At this juncture, there’s no need to take hasty action. Many charges have been made and lawsuits filed, but no one knows the full extent of the facts. Some funds have been charged with allowing market timing only, while other funds and/or investment managers have been charged with allowing both timing and late trading. A few have also been charged with allowing their employees to buy and sell the funds they manage, creating an inherent conflict of interest with fund shareholders.
Acting quickly and without proper investigation may be the worst thing to do until more information is developed. To the extent market timing and late trading affect the value of a mutual fund, that damage has already been done and reflected in the current price of the fund. This, of course, assumes that the questionable or illegal practices have stopped at mutual funds that allowed them. Independent researchers who have looked into potential damages have estimated that the extra costs created by these activities equal approximately eight-one hundredths of a percent of the total invested in mutual funds.
The bottom line is that while mutual fund sponsors and others may have broken their bonds of trust with shareholders and made millions of dollars in the process, the loss to an average investor or 401(k) plan participant is probably only a few dollars of decreased profits. And, since mutual funds are made up of underlying stocks whose valuation is not impacted by this scandal, it is unlikely that any run on a fund by investors will result in those staying in the fund losing their money. In any event, while certain investment managers such as Putnam have seen a large number of funds cancel asset management agreements, there has not been an equivalent effort by mutual fund holders to cash out. Nevertheless, if a significant number of investors pull out of a mutual fund, there could be additional transaction costs and administrative fees which will be divided among fewer fund shareholders.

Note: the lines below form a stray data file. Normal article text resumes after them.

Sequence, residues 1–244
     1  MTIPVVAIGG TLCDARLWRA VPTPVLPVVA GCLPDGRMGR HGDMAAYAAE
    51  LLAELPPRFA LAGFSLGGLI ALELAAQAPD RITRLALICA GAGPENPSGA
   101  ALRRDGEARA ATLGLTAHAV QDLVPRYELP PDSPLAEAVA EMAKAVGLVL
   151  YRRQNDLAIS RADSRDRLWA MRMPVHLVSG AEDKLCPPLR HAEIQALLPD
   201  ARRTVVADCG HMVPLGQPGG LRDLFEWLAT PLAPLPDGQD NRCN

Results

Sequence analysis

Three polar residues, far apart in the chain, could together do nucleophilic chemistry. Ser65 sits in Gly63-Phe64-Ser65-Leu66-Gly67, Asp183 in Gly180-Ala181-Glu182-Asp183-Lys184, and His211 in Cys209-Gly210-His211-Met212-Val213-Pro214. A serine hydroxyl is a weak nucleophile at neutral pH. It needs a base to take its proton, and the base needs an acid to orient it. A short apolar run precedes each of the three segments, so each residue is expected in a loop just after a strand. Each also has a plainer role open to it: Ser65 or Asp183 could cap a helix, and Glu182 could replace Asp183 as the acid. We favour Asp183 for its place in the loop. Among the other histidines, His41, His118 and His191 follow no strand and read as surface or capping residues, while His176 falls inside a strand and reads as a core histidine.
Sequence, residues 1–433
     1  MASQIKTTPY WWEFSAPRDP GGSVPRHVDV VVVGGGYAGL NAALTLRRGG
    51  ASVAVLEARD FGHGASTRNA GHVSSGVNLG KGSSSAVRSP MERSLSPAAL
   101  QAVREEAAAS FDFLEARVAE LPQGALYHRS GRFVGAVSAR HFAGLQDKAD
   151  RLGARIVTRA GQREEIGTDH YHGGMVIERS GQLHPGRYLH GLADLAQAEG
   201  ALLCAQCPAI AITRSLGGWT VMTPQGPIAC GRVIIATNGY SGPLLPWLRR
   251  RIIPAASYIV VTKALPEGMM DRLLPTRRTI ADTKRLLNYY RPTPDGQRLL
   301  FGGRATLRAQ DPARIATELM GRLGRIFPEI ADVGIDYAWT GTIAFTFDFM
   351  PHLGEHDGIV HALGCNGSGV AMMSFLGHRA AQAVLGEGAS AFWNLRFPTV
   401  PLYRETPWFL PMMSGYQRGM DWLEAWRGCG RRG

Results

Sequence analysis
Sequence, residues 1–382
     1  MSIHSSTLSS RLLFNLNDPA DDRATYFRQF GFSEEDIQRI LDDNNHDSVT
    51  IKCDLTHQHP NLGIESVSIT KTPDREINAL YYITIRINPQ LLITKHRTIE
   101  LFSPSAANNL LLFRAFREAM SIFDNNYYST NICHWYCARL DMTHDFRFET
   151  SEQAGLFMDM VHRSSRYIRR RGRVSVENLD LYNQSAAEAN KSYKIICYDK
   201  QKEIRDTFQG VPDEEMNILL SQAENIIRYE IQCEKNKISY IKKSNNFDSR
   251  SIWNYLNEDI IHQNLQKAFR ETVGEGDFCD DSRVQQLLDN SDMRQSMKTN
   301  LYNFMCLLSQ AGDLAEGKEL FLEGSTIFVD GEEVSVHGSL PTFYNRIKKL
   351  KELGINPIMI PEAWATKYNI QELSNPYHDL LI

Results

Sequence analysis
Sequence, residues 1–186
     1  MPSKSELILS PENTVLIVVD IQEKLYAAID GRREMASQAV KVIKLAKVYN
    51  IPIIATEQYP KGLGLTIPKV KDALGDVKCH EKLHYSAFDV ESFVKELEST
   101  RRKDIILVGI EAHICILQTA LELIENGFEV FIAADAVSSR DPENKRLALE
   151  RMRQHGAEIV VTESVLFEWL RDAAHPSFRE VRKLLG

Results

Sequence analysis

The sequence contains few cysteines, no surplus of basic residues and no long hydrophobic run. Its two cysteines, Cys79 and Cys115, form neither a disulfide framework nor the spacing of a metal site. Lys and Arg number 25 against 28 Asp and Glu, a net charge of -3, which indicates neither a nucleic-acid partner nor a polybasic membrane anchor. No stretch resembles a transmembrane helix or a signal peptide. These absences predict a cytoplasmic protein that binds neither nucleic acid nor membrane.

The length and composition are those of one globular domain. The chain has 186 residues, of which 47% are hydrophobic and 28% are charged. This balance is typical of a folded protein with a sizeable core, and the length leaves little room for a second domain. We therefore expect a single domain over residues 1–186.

There is also another reason not to panic and switch investment funds or managers. Investigators have just started to bring charges against fund families and insurers. It is possible that many major fund families or insurers engaged in questionable activities in at least some of their funds. Certainly, all the misbehaving has not yet come to light, and substantial additional charges involving as yet unnamed entities are anticipated. If this is the case, a fiduciary may later find that it has dumped one fund or insurer in favor of another that is equally culpable. And, if you are switching between providers, you may have gone through a painful transition, including the notorious “blackout period,” when participants have no access to their accounts. This should be avoided if possible.
The essence of being a fiduciary is making prudent decisions, and these can only be made after a thorough and professional investigation. Precipitous actions do not meet these requirements.
3. What is a Plan fiduciary’s obligation under ERISA or other laws?
ERISA is the federal law which governs employee benefit plans such as 401(k) arrangements. State and other laws generally do not apply to 401(k) plans. In the context of the mutual fund scandal, ERISA is the law plan fiduciaries need to be concerned with.
Plan fiduciaries have an obligation under ERISA to invest plan funds prudently and to monitor plan investments. In the context of 401(k) plans which allow participants to invest by selecting between a number of mutual funds, this means that the mutual funds offered must be suitable for a retirement plan and that the investment grouping must be monitored to make sure it remains suitable.
If a plan fiduciary becomes aware that a particular fund or investment manager has been charged with wrongdoing or suspects that wrongdoing has taken place, the fiduciary is obligated to investigate and take appropriate action.
4. What has the Department of Labor told fiduciaries to do?
Unfortunately, the Department of Labor’s Employee Benefit Security Administration, the federal agency which oversees fiduciary issues in 401(k) plans, has been less than helpful in the current situation, stating only that it expects fiduciaries to act prudently under the circumstances. Apparently, it intends to offer no more advice on the subject.